screen shot 2013-11-22 at 5.43.20 am

SEEK’s Andrew Bassat named EY’s Australian Entrepreneur Of The Year

Nassim Khadem Reporter

Andrew Bassat named EY’s Australian Entrepreneur Of The Year

Published 22 November 2013 07:50, Updated 22 November 2013 09:10


SEEK co-founder and Australian EY Entrepreneur of the Year, Andrew Bassat. Photo: Jesse Marlow

The man who co-pioneered the online job marketplace SEEK, chief executive Andrew Bassat, is the 2013 Australian EY Entrepreneur Of The Year. Bassat co-founded SEEK with his brother Paul in 1997. The Bassats ranked at 155 on the 2013 BRW Rich 200 list, with a combined fortune of $315 million. Paul Bassat stepped away from the business in 2011– he left to build up his private investment company Avalon Place and to establish himself as a start-up investor at Square Peg Capital. Under Andrew Bassat’s leadership, SEEK has since become a $4.13 billion listed employment giant and changed the media landscape forever. SEEK began as an internet startup, with the aim of stealing employment classifieds from metropolitan newspapers. The Melbourne-based company is now the world’s largest online employment agency. “The idea for SEEK came back in 1997, when my brother was looking for a house,” Bassat says. “Going through the process, we realised how inefficient the existing classifieds system was and had a notion we could improve it. Read more of this post

Hidden Billionaires Emerge With Retail Fortune in Germany

Hidden Billionaires Emerge With Retail Fortune in Germany

Four members of Germany’s Otto family, which controls Otto GmbH & Co KG, owner of the Crate & Barrel and bonprix retail chains, have surfaced as billionaires, based on a review of German regulatory filings. Benjamin Otto, 38, holds 12.5 percent of the business, which is also known as the Otto Group, making him one of the country’s youngest billionaires. He’s the son of Michael Otto, the 70-year-old chairman of the conglomerate, who controls 78.5 percent of company. The two have a combined fortune of $10.6 billion, according to the Bloomberg Billionaires Index. Read more of this post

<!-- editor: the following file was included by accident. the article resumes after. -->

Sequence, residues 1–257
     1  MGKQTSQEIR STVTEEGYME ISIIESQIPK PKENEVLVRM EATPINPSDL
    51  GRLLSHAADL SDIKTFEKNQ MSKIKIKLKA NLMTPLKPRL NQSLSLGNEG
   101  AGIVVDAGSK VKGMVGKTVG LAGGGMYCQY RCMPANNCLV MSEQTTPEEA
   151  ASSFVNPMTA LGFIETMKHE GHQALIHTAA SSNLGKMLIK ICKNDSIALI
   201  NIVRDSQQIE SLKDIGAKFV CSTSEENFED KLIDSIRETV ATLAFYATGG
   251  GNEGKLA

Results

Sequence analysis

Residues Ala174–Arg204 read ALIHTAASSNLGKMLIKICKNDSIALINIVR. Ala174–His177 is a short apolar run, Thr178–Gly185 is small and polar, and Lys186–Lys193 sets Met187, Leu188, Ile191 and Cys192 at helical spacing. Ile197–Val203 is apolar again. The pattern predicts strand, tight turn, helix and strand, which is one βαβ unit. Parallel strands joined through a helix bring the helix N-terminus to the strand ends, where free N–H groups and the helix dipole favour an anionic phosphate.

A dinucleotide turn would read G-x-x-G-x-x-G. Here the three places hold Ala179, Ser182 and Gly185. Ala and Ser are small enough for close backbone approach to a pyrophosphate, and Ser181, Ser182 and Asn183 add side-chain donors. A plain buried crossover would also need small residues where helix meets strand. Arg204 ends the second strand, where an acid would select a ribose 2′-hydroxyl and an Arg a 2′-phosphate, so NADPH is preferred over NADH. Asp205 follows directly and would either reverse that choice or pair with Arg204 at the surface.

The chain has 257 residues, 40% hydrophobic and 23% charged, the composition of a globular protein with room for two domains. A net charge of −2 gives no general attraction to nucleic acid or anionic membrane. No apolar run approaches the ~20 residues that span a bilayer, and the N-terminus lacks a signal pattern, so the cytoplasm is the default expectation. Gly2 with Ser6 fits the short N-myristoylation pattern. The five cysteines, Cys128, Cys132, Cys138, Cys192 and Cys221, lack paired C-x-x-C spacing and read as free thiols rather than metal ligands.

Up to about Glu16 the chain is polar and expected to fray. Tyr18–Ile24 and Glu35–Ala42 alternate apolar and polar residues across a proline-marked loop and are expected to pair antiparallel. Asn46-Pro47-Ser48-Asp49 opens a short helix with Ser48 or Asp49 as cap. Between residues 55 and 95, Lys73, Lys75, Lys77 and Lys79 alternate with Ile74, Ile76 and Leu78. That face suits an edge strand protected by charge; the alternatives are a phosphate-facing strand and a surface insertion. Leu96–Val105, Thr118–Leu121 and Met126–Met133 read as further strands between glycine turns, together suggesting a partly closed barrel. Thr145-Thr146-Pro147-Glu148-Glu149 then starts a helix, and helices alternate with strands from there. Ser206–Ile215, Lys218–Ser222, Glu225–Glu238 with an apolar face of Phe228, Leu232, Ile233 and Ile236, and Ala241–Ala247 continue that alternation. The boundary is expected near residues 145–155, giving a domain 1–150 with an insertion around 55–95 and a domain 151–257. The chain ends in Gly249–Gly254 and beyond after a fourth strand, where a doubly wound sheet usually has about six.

Oldest 3,700-Year-Old Wine Cellar Found in Ancient Site in Israel

Oldest Wine Cellar Found in Ancient Site in Israel

A 3,700-year-old wine cellar still holding vestiges of the drink has been unearthed in the Near East, potentially offering modern man a true taste of the past. The excavation in the ancient city of Tel Kabri, in Israel uncovered 40 jars in sizes that could have filled about 3,000 modern wine bottles. The residue suggested they once contained both white and red wine, made with additives that included juniper berries, cinnamon bark, mint and myrtle. Read more of this post

Damodaran: The more comfortable you are in valuing a company, the less point there is to doing that valuation.

Tuesday, November 19, 2013

Value in the eye of the storm: Why you should welcome uncertainty!

One of the responses to my last post on valuing young companies was that even if you can value companies early in the life cycle, you cannot do so with any degree of confidence. I concede that point, but that is exactly why I would try to value them! I know that statement makes little sense, but to solidify my argument, take a look at the following list of five assets/entities and rank them on the basis of the confidence you will feel in valuing each one (I have provided my rankings and the reasons in the table). Read more of this post